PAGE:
Peggy: I am an adventurous eater. I can’t stand, however, canned green peas or eggs that are cooked sunny-side-up. If a friend served me one of these foods, however, I would eat it (silently gagging) with a smile. My mother raised me well (-:

Thank you for inviting me to your blog. I am continuously updating my food blog and author page. I would love hearing from you @

a Rafflecopter giveaway


cherio1 said...

I really enjoyed reading the interview. This sounds like a terrific read!!!

Mary Preston said...

Thank you for the great interview.

Goddess Fish Promotions said...

Thanks for hosting!

dinnerfeed said...

I'm glad you enjoyed the interview, Cherio and Mary. I hope that you will find the book an enjoyable read. And thank you so much for hosting me today, Caroline. Your lovely fields are a pleasant complement to my 6AM coffee.

Some fun things have changed since my interview that I've mentioned on this tour, with a new weekend update. As mentioned, last week I received an offer from Lake Union Publishing to buy Simmer and Smoke; the offer also includes an advance to write a second book. Well...I was underway (as mentioned in the above interview) with a sequel to S&S. The acquisitions editor, however, wants a different story in a different locale. A food focus, certainly, since that's what I do (see my blog), but a completely different story.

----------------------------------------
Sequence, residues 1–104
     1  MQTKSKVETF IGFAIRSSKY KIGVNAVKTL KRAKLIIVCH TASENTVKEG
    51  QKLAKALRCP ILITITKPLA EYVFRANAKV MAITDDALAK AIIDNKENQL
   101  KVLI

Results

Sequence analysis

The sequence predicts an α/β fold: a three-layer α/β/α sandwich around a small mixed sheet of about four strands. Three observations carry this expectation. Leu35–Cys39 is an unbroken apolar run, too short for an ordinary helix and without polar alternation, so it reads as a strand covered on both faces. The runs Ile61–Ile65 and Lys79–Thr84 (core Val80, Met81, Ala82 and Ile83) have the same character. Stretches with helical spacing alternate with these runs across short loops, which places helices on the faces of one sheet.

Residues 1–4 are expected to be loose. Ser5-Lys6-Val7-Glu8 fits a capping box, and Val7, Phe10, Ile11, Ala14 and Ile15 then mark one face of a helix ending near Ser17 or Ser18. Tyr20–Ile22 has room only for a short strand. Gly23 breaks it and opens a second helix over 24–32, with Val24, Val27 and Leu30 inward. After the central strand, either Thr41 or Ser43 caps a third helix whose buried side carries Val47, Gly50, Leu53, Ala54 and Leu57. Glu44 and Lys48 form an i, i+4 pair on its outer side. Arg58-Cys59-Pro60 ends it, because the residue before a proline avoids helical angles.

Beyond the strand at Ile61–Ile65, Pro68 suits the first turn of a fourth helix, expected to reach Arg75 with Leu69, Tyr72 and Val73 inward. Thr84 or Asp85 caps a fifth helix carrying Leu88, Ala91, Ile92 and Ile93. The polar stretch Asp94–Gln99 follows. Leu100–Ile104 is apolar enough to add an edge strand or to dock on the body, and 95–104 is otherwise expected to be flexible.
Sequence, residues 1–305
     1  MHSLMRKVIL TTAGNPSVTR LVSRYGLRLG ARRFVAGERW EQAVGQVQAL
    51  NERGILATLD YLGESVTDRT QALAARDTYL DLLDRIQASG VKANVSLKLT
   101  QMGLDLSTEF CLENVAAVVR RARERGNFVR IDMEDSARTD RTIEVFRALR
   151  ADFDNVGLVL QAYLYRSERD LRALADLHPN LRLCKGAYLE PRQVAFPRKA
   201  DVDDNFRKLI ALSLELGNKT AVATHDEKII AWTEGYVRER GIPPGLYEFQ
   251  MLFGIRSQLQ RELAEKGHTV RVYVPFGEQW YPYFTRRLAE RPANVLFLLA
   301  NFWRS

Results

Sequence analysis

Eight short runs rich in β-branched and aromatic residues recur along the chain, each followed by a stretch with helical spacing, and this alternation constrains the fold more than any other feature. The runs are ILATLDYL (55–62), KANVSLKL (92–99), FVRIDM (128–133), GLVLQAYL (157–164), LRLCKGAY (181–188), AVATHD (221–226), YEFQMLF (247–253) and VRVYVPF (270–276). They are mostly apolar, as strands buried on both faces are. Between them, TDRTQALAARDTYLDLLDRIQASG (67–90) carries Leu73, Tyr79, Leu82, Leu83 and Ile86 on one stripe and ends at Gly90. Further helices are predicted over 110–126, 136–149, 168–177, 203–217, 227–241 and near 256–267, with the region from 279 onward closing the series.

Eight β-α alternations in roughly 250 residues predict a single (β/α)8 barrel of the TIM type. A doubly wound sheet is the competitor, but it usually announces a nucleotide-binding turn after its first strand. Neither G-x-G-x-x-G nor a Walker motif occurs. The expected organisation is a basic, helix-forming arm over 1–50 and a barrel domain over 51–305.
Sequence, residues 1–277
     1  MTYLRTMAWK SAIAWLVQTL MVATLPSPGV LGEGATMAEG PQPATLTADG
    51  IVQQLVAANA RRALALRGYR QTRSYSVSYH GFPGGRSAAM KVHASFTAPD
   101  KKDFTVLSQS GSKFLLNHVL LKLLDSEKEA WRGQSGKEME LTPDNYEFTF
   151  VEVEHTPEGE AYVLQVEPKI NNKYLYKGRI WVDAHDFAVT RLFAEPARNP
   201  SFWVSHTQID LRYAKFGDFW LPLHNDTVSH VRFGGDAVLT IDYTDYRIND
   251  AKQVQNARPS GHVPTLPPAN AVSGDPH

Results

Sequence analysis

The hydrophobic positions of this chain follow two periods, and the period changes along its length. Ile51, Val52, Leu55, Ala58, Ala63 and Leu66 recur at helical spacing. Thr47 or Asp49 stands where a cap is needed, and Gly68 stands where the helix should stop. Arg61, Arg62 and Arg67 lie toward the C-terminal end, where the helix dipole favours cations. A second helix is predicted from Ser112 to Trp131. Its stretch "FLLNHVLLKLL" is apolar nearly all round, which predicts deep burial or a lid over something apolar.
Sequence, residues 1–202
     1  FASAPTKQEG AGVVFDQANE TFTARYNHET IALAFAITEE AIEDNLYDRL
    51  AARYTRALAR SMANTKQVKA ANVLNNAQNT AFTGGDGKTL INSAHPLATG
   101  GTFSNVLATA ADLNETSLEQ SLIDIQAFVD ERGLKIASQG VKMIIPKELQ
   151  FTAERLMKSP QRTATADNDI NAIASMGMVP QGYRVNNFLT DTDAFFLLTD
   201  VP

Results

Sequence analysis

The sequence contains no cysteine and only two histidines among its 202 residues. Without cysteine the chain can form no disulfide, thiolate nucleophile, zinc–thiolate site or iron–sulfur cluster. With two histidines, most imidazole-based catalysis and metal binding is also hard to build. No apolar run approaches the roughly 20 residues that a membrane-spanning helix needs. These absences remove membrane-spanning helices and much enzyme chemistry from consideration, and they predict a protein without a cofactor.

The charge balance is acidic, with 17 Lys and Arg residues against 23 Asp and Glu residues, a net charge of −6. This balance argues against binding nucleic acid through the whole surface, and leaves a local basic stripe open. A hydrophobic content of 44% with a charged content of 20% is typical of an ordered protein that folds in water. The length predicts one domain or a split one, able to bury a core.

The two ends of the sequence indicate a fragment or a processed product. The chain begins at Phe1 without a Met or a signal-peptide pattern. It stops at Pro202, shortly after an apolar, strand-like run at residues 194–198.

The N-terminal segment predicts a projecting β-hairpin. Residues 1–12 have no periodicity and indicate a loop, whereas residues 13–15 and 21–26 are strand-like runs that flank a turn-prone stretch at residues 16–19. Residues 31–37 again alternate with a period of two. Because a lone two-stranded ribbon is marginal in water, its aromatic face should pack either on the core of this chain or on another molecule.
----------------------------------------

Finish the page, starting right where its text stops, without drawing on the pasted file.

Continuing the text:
It will be sad to say good bye to my ladies but maybe I'll see visit them in a couple of years. The editor likes, er, loves the idea of setting the story in today's Detroit. Don't know if y'all know this but there is a really cool, unique and robust food scene taking place at this very minute. My daughter-in-law, Lucy de Parry, opened up a diner in the middle of burnt out, and abandoned buildings and homes last year. Bon Appetit said her spot: Rose's Fine Foods, was in the top 50 restaurants in America. Really? That's poetic, right? And she's also been written up several times in the NYTimes and a couple of weeks ago, The Washington Post. The story has come to me! Why was I so blind? Lucy's a lady with guts, along with the good, bad things have happened on her ride, so I'm basing (taking much artistic license) my next novel on her story.